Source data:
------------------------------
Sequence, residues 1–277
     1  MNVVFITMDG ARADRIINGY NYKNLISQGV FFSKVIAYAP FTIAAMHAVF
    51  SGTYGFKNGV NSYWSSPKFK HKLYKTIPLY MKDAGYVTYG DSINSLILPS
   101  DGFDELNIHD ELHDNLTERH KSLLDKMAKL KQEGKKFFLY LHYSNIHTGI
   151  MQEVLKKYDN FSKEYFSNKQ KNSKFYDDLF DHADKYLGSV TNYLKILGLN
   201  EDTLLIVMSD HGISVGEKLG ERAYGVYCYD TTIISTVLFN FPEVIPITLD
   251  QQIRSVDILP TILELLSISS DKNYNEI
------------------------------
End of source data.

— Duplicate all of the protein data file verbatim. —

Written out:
Sequence, residues 1–277
     1  MNVVFITMDG ARADRIINGY NYKNLISQGV FFSKVIAYAP FTIAAMHAVF
    51  SGTYGFKNGV NSYWSSPKFK HKLYKTIPLY MKDAGYVTYG DSINSLILPS
   101  DGFDELNIHD ELHDNLTERH KSLLDKMAKL KQEGKKFFLY LHYSNIHTGI
   151  MQEVLKKYDN FSKEYFSNKQ KNSKFYDDLF DHADKYLGSV TNYLKILGLN
   201  EDTLLIVMSD HGISVGEKLG ERAYGVYCYD TTIISTVLFN FPEVIPITLD
   251  QQIRSVDILP TILELLSISS DKNYNEI